I respectfully agree with that analysis by the Official Solicitor.


According to Dr Hinchcliffe, circumcision is not mentioned in the text of the Koran, but in the Sunna (the practice of the Prophet Mohammed), which is the second recognised source of law, it is strongly recommended, and sayings from the Prophet himself are cited in support of the practice. Thus although circumcision does not occupy a prominent place in the traditional texts of Islamic law, Muslims regard it as a necessity to fulfil their faith. That is certainly the father's position.

In Islamic law, responsibility for ensuring that a male child is circumcised lies with his father, and Islam does not consider that it is a decision for the child to make for himself. The decision when to circumcise is also made by the father, and the evidence is that Muslim practice varies from locality to locality. According to Dr Hinchcliffe, some jurists assert that the father must ensure that the child is circumcised before puberty, whilst others state more precisely that the child should be circumcised on the seventh day after birth. The father himself was circumcised in Turkey when he was six or seven.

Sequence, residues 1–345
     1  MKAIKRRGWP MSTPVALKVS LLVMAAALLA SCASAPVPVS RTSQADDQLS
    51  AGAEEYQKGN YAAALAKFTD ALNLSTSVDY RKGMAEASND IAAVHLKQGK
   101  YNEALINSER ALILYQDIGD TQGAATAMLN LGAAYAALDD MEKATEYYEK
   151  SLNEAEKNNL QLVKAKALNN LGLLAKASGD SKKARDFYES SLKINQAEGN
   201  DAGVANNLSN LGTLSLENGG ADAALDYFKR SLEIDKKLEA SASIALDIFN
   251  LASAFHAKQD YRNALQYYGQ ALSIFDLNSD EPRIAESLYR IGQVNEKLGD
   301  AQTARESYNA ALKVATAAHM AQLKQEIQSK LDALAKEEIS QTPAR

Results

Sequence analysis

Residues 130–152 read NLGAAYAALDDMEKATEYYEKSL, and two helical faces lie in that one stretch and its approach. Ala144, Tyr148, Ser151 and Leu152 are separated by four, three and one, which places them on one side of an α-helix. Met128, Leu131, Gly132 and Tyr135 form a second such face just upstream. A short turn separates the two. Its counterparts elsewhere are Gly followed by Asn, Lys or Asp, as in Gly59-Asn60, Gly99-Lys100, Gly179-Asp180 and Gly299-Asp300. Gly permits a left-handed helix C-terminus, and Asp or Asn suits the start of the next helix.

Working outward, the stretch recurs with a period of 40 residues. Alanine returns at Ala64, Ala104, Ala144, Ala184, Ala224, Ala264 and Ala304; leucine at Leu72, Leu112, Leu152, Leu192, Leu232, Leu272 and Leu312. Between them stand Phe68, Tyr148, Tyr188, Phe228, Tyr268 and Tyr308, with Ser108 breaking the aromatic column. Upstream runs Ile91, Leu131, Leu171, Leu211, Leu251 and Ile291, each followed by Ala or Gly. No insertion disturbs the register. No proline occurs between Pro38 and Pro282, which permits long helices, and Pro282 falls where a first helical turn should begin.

Dr Hasan describes circumcision of a boy as—


‘an obligatory duty which should preferably be done at a tender age which helps the wound to heal quickly. It is a father's duty to carry it out as soon as possible. [If] he doesn't do it while the child is still a minor, he would be failing in this duty.'


The father's two applications are separate, but clearly closely inter-linked. Each is for an order under s 8 of the Children Act 1989, and is governed by the paramountcy of welfare principle in s 1. The ‘welfare checklist' under s 1(3) applies to each.